USKUB, USCUP, or SKOPIA (anc. Scupi, Turk. Ushkiib, Slav. Skoplye), the capital of the vilayet of Kossovo, European Turkey; on the left bank of the river Vardar, and at the junction of the railways from Nish and Mitrovitza to Salonica. Pop. (1905) about 32,000, consisting chiefly of Slavs (Serbs and Bulgars), Turks, Albanians and a few gipsies. Uskub occupies a picturesque and strategically important position at the foot of a valley which severs two mountain ranges, the Shar Planina and Kara Dagh. Main roads radiate N.W. to Prizren, W. to Gostivar, an important centre of distribution, E.N.E. to Kumanovo, and thence into Bulgaria, and S. to Koprulii and Monastir. The city is the headquarters of an army corps, and the see of an Orthodox Greek archbishop, of the archbishop of the Roman Catholic Albanians and of a Bulgarian bishop. Its principal buildings are the citadel, the palace of the vali or provincial governor, the Greek and Bulgarian schools, numerous churches and mosques and a Roman aqueduct. The industries include dyeing, weaving, tanning and the manufacture of metal-work, wine and flour, but Uskiib is chiefly important as the commercial centre of the whole vilayet of Kossovo (q.v.). The Imperial Ottoman Bank and the Banque de Salonique have branches in the city, and French is to a remarkable extent the language of commerce. Uskiib retains in a modified form the name of Scupi, one of the chief cities of northern Macedonia. A few unimportant ruins mark the ancient site, about 15 m. N.W. Scupi was destroyed by an earthquake in A.D. 518, but was rebuilt by Justinian under the name of Justiniana Prima. Up to the 14th century it was at times the capital of the Servian tsars.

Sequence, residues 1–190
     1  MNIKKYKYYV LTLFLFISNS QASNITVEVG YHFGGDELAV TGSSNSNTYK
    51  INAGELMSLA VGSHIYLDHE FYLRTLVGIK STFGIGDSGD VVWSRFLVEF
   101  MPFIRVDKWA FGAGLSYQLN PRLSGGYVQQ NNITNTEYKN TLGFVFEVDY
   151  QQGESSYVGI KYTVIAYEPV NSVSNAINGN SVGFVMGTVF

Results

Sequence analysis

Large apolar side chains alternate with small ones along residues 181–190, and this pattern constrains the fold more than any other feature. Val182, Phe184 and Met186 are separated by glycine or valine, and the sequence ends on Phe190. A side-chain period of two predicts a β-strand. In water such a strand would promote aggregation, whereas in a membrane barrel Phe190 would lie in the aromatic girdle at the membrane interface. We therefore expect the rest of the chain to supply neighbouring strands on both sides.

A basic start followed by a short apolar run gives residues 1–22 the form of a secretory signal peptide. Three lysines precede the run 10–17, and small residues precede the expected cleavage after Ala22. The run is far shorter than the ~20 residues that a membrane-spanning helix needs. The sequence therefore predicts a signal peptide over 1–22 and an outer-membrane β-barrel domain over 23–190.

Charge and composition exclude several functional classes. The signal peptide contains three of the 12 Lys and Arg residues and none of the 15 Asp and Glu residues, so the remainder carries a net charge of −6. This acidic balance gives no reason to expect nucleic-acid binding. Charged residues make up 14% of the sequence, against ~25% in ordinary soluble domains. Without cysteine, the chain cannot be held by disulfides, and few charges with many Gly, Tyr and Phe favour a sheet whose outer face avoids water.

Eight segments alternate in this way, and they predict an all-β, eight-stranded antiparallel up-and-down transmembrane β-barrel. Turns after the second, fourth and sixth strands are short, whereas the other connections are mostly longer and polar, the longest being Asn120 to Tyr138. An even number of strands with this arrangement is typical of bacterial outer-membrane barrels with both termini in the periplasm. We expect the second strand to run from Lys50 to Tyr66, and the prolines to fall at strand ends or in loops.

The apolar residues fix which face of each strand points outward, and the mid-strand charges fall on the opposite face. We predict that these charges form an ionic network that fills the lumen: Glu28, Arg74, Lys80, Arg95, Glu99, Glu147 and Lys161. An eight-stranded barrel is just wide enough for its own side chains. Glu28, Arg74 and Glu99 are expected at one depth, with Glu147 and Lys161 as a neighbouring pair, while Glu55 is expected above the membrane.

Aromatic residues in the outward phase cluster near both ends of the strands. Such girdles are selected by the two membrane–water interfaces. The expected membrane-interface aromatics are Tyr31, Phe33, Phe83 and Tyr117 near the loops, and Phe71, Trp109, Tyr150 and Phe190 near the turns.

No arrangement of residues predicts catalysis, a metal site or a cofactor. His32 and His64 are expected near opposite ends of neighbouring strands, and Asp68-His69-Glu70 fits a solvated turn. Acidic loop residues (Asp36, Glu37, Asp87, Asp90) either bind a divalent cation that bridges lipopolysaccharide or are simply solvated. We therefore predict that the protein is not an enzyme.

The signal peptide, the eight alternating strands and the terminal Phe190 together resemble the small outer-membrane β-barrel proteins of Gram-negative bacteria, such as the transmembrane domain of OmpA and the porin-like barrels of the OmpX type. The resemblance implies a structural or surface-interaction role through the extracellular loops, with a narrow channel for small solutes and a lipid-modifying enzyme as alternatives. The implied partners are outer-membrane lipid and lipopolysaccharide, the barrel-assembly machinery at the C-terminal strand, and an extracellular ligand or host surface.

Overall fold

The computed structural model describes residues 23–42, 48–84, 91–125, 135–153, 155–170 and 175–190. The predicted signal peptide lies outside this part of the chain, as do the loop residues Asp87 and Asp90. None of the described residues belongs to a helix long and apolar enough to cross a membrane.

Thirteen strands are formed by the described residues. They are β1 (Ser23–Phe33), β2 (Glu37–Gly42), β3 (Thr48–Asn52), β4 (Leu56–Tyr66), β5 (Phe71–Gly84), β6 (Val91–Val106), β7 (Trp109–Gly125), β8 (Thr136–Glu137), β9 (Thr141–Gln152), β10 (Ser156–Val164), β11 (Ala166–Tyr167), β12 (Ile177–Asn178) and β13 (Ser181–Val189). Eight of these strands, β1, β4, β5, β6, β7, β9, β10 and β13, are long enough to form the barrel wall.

Note - this article incorporates content from Encyclopaedia Britannica, Eleventh Edition, (1910-1911)